A Culture Of Blame

-- Published 29.08.2019 -- thoughtscultureengineering
A Culture Of Blame
Photo by: Anna Popović @and_her_eyes_were_wild

The Amazon rainforest is burning right now as of this writing for over 3 weeks. That's not great. After all it's often referred to as the "Green Lung" of our Planet. But what's interesting to me is who gets the blame for that. When talking to various people; reading comments on news posts; asking friends — the people that seem to get a lot of blame initially are the farmers who probably laid the fires.

"Don't they know how important the rainforest is for our planet? How can they not care?"

Another example just happened last week at my wife's workplace. Something got messed up in production (it's producing goods, nothing to do with web), and they produced too much of something. Because of time constraints they fell behind on something that could have been produced in the mean time. What was scary to me was that from exec level the question that got asked multiple times that day:

"Who did that? Who produced more that there should have been?"

While both examples are widely different regarding the root causes and the effect it has on a global scale, I found it quite interesting how important it is to blame someone. In both cases the blame seems to fall on the easiest target, without questioning what lead to that action in the first place.

For the Amazon forrest, the reason lies deeply nested in the political situation they have right now, with a leader who's very willing to burn down the forrest for profit. He could care less about the meaning of the forrest for the world climate.The people who actually lay these fires often see it as the only way to feed their families and make a living wage. They can turn it into farm land, raise cattle, plant bananas or other things to have something to sell and don't get crushed by the challenges of capitalism. We often end up buying these things and are complicit, but of course it's cosier to not think about that. Eventually the blame, can and should not be put on the farmers alone, as it's a result of a wider system.

At my wife's workplace it's similar. The issue happened not because someone made a mistake, but the system at that company is incredibly unorganised and somehow this extra order ended up in the production list as it always would, and the whole team worked through it as always. The main issue could potentially boiled down to the exec level and their unwillingness to put better processes into place and tackle the root cause of the behaviour. Instead they tried to find an individual who's responsible for it, so that in future people always have to question their next actions and confirm if it should actually be done.

The Engineers Perspective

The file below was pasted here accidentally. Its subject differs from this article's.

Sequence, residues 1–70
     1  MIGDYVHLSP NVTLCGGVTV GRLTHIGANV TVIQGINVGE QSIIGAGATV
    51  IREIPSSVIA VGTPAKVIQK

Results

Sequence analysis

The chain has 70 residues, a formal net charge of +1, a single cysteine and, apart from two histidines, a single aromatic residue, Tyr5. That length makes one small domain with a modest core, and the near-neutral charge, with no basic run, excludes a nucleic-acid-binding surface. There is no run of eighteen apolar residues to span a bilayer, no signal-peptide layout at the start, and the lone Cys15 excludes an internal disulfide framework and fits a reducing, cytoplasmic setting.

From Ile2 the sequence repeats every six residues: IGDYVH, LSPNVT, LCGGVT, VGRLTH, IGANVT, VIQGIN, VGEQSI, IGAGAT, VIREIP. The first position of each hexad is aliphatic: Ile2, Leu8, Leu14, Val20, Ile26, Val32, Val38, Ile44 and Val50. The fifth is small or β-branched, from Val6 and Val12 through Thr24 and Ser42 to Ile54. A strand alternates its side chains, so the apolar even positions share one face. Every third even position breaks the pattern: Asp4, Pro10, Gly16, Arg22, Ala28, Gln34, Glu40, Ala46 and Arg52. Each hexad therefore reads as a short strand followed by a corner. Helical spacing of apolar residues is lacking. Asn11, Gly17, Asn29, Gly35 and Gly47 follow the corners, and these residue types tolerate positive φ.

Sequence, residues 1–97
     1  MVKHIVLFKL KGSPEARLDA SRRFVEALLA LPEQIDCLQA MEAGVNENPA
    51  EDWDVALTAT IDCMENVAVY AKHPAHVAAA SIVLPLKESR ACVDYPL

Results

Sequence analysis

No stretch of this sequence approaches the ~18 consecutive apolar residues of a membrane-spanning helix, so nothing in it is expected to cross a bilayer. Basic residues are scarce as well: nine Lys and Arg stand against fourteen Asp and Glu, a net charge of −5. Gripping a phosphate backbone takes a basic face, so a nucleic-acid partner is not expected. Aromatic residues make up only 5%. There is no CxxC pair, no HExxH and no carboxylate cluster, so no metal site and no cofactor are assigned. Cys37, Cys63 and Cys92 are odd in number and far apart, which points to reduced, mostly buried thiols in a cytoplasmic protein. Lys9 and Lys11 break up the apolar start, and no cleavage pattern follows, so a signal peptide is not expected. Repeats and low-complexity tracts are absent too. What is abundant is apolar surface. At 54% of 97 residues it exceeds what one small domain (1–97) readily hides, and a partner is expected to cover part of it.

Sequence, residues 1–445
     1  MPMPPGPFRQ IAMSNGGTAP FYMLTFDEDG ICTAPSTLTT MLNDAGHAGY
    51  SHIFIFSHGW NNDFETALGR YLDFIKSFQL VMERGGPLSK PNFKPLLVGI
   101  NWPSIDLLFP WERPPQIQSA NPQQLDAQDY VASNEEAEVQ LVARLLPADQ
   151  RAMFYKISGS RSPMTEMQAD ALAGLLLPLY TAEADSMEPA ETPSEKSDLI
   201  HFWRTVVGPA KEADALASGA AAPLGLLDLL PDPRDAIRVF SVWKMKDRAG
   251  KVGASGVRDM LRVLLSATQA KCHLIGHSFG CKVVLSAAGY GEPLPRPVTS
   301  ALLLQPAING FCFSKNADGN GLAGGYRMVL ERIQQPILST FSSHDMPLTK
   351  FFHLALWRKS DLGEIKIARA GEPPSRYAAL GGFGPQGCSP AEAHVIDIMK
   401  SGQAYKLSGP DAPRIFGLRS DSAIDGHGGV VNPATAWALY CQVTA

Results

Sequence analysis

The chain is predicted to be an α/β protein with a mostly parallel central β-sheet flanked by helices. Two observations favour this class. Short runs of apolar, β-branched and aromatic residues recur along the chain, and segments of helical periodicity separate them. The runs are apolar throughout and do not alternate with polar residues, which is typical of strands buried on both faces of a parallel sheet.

Let's get this whole topic into the perspective of software development and engineering teams. That's another field I discover blame regularly. From various friends at companies, to my own experiences, I know how fast this can happen.

I remember personally when I blamed someone for a mistake they've made that basically impacted production. A feature I lead was rolled out in an not ideal fashion, and eventually we had to extinguish a few fires as a rollback wasn't an option. The whole team pulled together and we managed to fix everything in a few hours. Eventually the impact for customers was not as bad as felt initially, but when something goes wrong there's a lot of stress and everything feels horrible and you act under pressure. When talking to my manager back then I blamed one person for kicking it all off and causing all this stress.

Luckily I had good managers throughout my career. In this moment she listened, but also ended up helping me to uncover the real reason for the situation. The engineer did handle with best intent. It was the lack of information about deeper implications of a merge. I as the feature lead just worked under certain assumptions that others knew as much as I did. So if someone was to blame, it was actually me. And I was very happy that my manager did not blame me, but helped me to become better at communicating and to avoid working under wrong assumptions.

I've seen companies that actually had this culture of constant blame, and only the worst people stayed at these places.

Okay... this post was way more political than originally anticipated, but never the less, I felt good about writing this down. The takeaway should be that blame shouldn't be thrown light heartedly. Try to understand what's going on, what's the root cause and then maybe try to solve the problem without blame at all. Unless the root cause is the president of Brazil. It's totally fine to blame asshats!